A Dig Deeper Article by Production Dramaturg Brett Dahl.
One of history’s most prominent possession cases unfolded over a period of six years in Loudon, France, from 1632 - 1638. At the beginning of the 17th century, western Europe faced a number of religious and political crises marked by social unrest, plagues, and the emergence of new sciences. The world was rapidly evolving, transitioning from medieval worldviews to the Age of Enlightenment. By 1618, religious conflict thrust Europe into what became one of the longest and most destructive wars in European history: the Thirty Years’ War between the Protestants and Catholics. Before the events that would radically alter the lives of the Ursuline Nuns in Loudon, cases of demonic possession rose across France—a country reluctantly redefining itself amid the religious conflict. Wracked by a fear of change, cases of witchcraft, sorcery, and demonic possession rose out of the desperate need for scientific and religious intervention. Before Jeanne, Urbain Grandier, and the Ursuline Nuns would enter their fifteen minutes of fame, France had experienced other famous cases of public exorcisms. In one such case from 1566, sixteen-year-old Nicole Obry claimed to be possessed by up to thirty devils and endured daily public exorcisms in front of large crowds for nearly two months in the Cathedral of Laon.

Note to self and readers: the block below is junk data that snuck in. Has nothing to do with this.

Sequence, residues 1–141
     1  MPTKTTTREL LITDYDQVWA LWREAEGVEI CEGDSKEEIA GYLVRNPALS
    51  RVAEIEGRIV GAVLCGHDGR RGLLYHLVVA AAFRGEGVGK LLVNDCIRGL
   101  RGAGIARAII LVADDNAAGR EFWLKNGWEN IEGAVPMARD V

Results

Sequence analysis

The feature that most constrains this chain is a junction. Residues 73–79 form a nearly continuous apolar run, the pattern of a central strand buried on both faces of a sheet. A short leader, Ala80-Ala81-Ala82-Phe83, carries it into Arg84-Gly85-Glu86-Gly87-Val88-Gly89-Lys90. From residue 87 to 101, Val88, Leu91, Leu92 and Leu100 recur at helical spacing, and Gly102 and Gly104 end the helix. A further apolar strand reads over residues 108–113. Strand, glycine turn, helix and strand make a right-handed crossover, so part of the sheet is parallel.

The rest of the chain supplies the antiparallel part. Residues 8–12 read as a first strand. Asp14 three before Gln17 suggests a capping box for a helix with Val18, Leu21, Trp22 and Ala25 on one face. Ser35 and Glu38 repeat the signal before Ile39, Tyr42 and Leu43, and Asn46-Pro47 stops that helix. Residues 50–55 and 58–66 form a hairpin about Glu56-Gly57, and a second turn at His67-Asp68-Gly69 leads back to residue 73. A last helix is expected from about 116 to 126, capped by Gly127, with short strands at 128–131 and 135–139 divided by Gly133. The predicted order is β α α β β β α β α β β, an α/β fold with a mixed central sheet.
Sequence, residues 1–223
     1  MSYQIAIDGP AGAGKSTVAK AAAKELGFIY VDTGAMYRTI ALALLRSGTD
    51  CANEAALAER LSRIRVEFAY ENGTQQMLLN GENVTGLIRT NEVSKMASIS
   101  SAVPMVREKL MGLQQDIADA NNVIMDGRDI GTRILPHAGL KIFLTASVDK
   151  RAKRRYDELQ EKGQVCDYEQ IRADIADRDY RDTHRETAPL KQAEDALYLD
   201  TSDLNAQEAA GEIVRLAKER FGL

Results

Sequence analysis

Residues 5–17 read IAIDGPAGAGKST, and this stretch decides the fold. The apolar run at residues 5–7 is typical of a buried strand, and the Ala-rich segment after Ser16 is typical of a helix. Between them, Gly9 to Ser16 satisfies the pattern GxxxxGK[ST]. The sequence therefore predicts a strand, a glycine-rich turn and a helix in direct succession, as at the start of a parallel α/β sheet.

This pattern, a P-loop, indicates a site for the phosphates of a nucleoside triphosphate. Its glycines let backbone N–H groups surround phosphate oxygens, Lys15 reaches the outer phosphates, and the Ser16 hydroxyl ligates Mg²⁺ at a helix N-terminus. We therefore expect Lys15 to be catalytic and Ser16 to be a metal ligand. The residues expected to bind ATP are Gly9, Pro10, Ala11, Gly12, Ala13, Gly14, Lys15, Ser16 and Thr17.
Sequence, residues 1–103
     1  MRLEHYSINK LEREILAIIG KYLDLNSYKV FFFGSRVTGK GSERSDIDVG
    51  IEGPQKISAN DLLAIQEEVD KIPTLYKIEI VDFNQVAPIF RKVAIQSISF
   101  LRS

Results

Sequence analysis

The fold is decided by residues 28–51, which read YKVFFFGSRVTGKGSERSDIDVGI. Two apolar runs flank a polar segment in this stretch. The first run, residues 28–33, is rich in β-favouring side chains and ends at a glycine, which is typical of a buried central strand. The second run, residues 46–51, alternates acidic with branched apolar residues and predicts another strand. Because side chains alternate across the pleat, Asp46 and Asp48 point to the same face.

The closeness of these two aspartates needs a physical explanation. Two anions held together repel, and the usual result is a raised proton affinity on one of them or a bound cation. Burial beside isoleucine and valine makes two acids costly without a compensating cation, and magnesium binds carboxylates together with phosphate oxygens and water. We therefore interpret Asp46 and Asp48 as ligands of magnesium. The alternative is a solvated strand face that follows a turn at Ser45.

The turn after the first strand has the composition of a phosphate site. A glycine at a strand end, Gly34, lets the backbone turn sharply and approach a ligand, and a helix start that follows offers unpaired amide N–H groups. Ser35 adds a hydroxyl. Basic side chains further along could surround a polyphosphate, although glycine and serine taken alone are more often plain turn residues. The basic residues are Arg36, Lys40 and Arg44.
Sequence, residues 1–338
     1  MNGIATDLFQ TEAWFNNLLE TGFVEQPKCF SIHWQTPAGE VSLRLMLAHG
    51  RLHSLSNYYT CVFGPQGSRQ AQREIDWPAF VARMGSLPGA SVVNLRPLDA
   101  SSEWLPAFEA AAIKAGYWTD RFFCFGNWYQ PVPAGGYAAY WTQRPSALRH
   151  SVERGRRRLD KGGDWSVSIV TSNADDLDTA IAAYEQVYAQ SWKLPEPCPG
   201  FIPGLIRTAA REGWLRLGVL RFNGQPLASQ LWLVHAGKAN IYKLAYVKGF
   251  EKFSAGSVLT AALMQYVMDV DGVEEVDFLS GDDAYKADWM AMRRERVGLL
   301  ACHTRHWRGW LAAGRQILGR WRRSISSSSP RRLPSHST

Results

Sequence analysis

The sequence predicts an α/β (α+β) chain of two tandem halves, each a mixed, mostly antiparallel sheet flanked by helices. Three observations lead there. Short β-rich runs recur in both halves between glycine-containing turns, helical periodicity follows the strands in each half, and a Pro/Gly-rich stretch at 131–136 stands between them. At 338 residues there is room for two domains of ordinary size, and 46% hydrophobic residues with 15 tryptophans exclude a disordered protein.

After Louis XIII ascended the French throne in 1610, he worked to reintroduce Catholicism across the country, prompting revolts and a rise of various movements attempting to reform the Catholic Church from within. At the king’s right hand was the powerful and influential Cardinal Richelieu. Richelieu developed a reputation for supreme ruthlessness, and using his proximity to the throne, sought to centralize power in France by suppressing the feudal nobility, ultimately silencing any attempts towards reform. When charges of “commerce with the Devil” were laid against Grandier in 1634, Richelieu pressed Louis to proceed against Grandier, effectively punishing him for interfering with their power grab. Whiting’s play alludes to Richelieu’s talent for turning the religious instability of the time to his political advantage.